NGFC emergency food hampers continue to address local food insecurity
Jesse Bonello - Staff Writer
The Nishnawbe-Gamik Friendship Centre (NGFC) launched an Emergency Food Hamper Program at the beginning of April to help community members in need of food during the COVID-19 pandemic.
The NGFC said the program has since served over 1,200 individuals in the community, helping to address local food insecurity.
“The Nishnawbe-Gamik Friendship Centre has lent its hand in addressing food insecurity within our community for a number of years. Programs such as the Christmas food hamper program, delivery of community feasts, weekly Elders luncheons, and the Miniwaaki Greenhouse Program are all attempts at mitigating food insecurity issues and support our community. Understanding that many families and individuals struggle every day with providing balanced meals, we knew the need would be even greater during these unfamiliar times,” said Jennifer Thomas, NGFC Executive Director.
“On April 3, the Nishnawbe-Gamik Friendship Centre launched a community wide Emergency Food Hamper. To date, we have delivered 344 hampers that has supported 1225 individuals, 602 of which are children and youth. Hampers are delivered on Tuesday's and Thursday's each week and are door dropped with no-contact delivery to ensure social distancing and in accordance with public health recommendations.
“The success of this program would not have been possible without our partnership with the Keewatin-Patricia District School Board and the Northwestern Health Unit. Sharon Dumonski, a representative of KPDSB, has provided relentless efforts each week in ensuring students and their families receive support through this program, assembling and delivering hampers alongside Centre staff. Fresh Market Foods have been an on-going supporter, donating plants and supplies and assisting in the growth of our Minniwaaki Greenhouse program,” Thomas explained.
Through an existing relationship with the NGFC, Sioux Mountain Public School (SMPS) said they’ve been able to provide students and families access to emergency food through the Emergency Food Hamper Program, helping to provide food for students that would regularly access breakfast and lunch programs at SMPS.
“We’ve been working with the Nishnawbe-Gamik Friendship Centre staff for a number of years at Sioux Mountain (Public School), specifically with their children and youth programming. They offer quite a variety of really high quality programs, so we have integrated a lot of them into our in-school and after-school programming. It’s really been a strong existing partnership for a while,” said Sharon Dumonski, Indigenous Family Case Worker at SMPS.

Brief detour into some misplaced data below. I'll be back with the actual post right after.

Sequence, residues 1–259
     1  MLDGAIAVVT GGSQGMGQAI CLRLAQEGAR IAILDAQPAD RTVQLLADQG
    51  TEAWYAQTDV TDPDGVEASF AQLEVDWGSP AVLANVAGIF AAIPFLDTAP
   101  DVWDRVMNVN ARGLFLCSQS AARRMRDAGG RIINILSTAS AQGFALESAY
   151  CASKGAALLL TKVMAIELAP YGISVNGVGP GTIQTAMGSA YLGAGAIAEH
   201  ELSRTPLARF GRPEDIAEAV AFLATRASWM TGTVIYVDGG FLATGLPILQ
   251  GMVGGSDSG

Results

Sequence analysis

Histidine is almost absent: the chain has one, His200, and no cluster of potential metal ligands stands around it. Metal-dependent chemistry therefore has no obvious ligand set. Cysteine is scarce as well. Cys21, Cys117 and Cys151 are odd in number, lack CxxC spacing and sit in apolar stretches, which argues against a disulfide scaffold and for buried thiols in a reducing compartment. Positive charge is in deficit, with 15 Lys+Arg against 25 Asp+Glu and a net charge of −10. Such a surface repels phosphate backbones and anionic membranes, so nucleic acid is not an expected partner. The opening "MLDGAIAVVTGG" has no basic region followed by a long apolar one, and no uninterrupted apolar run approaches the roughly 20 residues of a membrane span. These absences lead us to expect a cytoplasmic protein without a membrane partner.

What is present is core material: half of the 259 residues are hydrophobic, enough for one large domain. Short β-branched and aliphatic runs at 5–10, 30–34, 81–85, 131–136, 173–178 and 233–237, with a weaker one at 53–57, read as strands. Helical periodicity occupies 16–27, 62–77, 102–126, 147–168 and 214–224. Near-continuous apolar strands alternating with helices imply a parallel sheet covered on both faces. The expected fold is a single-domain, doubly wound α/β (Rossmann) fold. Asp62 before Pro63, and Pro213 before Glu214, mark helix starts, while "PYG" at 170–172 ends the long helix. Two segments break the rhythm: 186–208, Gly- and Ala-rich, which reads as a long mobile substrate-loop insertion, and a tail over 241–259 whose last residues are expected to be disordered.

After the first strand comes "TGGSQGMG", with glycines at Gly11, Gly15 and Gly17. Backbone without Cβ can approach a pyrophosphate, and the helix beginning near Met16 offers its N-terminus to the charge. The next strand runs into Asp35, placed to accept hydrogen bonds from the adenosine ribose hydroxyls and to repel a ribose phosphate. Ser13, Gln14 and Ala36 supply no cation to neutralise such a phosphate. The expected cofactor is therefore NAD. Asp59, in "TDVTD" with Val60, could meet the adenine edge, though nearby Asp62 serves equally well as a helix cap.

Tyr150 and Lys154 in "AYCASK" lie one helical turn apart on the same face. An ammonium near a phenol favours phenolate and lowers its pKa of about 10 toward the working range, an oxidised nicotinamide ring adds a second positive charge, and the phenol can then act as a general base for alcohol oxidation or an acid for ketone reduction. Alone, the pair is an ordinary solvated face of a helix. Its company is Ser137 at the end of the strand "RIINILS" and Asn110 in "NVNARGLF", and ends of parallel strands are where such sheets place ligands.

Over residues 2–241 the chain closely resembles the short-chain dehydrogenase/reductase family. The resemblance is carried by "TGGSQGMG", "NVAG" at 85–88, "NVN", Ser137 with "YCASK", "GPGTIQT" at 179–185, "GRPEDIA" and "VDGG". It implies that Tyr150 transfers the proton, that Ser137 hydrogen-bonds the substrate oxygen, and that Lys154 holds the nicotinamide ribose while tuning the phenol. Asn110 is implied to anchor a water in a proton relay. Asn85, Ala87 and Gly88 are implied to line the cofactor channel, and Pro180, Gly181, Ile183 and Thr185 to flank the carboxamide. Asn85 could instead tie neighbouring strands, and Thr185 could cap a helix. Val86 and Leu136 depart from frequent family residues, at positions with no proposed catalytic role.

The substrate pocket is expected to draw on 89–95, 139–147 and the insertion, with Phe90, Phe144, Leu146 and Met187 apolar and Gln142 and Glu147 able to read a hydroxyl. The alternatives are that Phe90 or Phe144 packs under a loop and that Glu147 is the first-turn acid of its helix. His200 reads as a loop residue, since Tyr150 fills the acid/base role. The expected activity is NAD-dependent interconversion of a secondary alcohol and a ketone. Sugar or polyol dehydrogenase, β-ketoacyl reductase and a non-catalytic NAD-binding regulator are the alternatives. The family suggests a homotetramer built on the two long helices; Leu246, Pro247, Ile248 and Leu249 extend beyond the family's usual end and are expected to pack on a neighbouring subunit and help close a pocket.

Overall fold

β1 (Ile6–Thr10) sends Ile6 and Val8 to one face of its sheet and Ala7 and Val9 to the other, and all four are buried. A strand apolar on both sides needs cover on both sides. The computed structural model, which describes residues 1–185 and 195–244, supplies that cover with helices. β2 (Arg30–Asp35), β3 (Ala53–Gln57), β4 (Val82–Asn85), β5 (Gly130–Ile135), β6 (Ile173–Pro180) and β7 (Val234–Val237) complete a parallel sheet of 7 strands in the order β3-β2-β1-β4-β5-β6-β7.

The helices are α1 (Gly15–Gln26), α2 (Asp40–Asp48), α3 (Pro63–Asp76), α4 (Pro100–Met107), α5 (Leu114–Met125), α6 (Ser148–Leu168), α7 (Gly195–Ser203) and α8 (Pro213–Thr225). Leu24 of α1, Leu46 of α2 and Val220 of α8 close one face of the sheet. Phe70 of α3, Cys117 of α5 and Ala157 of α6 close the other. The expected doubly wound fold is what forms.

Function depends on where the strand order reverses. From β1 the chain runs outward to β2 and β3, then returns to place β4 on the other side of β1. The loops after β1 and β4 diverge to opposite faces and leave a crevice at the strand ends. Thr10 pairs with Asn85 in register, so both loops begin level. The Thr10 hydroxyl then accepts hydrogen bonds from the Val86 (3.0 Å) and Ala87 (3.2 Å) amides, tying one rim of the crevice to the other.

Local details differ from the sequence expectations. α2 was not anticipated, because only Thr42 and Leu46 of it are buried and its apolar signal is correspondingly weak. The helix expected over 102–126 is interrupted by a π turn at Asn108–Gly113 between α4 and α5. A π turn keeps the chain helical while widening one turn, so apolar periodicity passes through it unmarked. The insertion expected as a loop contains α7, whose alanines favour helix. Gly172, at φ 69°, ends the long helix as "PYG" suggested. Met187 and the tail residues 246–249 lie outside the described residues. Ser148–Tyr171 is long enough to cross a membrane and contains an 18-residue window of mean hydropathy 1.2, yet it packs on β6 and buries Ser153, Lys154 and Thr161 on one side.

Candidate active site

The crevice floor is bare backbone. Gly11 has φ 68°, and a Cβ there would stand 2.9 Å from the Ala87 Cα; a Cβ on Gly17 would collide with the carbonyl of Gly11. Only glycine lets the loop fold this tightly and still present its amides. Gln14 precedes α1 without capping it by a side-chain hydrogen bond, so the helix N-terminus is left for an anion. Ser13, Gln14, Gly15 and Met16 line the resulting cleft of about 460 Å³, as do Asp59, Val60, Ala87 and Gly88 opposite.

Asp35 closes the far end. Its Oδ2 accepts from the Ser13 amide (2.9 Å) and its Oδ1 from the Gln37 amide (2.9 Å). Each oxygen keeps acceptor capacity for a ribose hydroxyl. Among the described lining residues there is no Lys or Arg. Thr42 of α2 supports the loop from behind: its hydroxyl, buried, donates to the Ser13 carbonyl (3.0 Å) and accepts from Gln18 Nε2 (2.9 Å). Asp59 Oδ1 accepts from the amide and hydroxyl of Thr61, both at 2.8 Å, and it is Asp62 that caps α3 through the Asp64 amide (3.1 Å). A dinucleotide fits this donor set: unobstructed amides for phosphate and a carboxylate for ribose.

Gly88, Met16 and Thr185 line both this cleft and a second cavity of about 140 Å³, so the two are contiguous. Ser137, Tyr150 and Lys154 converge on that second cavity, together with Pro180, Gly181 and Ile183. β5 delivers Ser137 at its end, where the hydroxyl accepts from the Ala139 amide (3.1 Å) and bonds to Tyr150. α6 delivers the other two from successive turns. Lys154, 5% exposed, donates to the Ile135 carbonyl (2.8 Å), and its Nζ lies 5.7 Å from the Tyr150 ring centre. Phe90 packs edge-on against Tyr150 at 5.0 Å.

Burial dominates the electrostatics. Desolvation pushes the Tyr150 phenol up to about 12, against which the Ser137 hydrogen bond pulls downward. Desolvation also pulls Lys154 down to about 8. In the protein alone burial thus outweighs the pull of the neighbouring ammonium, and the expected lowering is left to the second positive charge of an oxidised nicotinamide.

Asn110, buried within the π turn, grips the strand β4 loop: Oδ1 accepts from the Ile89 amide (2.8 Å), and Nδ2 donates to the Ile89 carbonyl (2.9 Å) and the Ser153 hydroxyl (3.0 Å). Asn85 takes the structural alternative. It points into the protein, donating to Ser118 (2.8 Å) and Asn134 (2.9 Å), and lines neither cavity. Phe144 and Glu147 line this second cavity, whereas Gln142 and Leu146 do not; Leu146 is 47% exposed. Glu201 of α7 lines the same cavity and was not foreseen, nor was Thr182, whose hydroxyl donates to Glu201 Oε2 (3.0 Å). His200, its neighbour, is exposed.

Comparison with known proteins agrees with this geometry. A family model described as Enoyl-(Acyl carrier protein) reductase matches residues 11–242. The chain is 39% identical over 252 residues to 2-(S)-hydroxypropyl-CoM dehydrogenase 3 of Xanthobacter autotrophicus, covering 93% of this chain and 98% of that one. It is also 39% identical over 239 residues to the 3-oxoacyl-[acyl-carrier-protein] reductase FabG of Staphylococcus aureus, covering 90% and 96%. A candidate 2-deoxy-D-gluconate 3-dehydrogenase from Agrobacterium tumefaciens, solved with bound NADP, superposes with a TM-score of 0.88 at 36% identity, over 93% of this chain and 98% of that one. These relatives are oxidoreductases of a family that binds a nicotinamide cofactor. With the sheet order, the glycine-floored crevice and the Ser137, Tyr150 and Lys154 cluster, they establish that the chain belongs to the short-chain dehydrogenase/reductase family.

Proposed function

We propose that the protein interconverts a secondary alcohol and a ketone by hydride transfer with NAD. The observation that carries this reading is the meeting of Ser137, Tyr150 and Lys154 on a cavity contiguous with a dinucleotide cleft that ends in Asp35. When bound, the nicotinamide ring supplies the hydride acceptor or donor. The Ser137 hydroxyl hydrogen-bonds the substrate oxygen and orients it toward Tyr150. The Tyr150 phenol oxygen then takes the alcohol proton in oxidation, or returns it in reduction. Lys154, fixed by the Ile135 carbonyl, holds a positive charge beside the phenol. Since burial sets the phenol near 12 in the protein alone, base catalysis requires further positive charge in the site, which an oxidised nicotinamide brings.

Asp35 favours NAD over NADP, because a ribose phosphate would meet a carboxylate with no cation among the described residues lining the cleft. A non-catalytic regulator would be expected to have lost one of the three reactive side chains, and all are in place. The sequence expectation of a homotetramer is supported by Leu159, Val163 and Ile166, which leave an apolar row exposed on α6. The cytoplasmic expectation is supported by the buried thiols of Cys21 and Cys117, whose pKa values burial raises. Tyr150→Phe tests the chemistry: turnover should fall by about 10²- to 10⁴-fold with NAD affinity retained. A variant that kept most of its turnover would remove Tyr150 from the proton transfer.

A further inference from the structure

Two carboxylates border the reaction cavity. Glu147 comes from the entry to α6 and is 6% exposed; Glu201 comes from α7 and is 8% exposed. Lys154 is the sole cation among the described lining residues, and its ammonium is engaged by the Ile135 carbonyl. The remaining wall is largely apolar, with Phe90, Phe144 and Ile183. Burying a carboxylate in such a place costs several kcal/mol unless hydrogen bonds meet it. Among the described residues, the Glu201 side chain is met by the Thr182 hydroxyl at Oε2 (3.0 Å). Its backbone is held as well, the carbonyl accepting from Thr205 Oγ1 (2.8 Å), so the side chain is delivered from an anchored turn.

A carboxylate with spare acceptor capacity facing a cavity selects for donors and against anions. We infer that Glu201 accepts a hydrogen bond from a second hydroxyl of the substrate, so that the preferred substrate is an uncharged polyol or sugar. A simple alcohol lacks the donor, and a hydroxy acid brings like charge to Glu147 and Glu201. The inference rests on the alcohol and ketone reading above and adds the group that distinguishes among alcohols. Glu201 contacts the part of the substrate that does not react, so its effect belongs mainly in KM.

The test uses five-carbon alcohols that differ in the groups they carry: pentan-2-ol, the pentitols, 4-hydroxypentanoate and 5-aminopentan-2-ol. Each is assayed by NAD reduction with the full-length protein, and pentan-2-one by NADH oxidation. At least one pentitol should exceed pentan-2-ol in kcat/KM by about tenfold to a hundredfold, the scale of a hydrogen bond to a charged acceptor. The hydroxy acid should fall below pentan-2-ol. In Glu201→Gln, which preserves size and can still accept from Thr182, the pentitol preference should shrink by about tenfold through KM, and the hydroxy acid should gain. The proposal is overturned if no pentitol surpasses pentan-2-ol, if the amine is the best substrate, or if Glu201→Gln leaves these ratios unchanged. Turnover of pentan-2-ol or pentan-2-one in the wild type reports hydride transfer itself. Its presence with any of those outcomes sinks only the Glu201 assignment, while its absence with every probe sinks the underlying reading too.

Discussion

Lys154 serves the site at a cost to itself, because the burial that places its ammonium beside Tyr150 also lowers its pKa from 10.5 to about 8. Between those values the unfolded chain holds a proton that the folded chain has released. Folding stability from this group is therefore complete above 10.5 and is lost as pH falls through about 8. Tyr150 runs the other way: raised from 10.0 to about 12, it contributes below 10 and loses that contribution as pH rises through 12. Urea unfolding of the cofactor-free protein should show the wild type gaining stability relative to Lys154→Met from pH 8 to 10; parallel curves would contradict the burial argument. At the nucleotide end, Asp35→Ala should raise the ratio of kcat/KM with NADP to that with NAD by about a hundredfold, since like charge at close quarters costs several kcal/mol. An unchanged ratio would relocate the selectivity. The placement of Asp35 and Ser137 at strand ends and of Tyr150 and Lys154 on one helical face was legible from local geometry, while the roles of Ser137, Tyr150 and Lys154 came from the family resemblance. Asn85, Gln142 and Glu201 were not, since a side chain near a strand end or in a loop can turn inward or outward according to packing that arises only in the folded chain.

“What we’ve done to keep students engaged and families supported is extend that existing partnership and change the programming a little bit. A lot of it is either going online or being delivered to doors. In terms of capacity building, we’ve pooled our resources to ensure families have access to emergency food. That was a big concern for us once the pandemic and all the closures started. Kids who regularly access our breakfast and lunch programs might have a shortfall there, so we pooled our resources and the Friendship Centre started an emergency hamper program, which I’ve been supporting since March.
“Families in need can call the (NGFC) emergency line (807-738-4671). They can call and leave a message. Somebody returns their calls on Tuesdays and Thursdays, and we provide hampers with door drop off and no contact… That’s been really successful. We received emergency funding to support that program through the Breakfast Club of Canada, so they’ve been really good at recognizing the need and making sure we have funds to pool into that,” Dumonski explained.
Along with providing students access to food programs, SMPS and the NGFC are ensuring students stay connected to after-school programs by delivering craft and activity kits.
“In terms of other programming we offer after-school programs in partnership with the Friendship Centre all year. In order to make sure we still connected with those students we started a weekly delivery of craft and activity kits. Right now the youth programs, Akwe:go, Healthy Living Kids, and myself, get together and create a craft package every week and deliver them to just over 80 students,” said Dumonski.
“We really wanted to ensure that families felt supported… At school we really wanted our families to feel that we’re here for them. We might not have all the answers or know exactly what to do, but we’re all working together to figure it out. It was really important that we reached out, we kept that connection, and provided support whether that be food, school supplies, or Chromebooks,” she said.
In addition to the Emergency Food Hamper Program, community members can access food through Sioux Lookout’s Out of the Cold Shelter Food Bank. The food bank said they’re well-stocked and have expanded their schedule to serve community members that need food.
“We are prepared and we are well-stocked at the moment because we’ve had additional supports through COVID-19 to be able to have stuff available for people. We are well-stocked, and did expand our days. The food bank can be accessed at our 25 Fair Street location from 12:30 p.m. to 4:30 p.m. Tuesday through Saturday,” said Susan Barclay, Out of the Cold Shelter Executive Director.
“There’s no contact. People come to the door, we get the stuff, and we bring it out to them. People can call ahead and we can get it ready for them at 737-7499, but it’s not a requirement. People can just come to the door and we can get them a hamper,” said Barclay.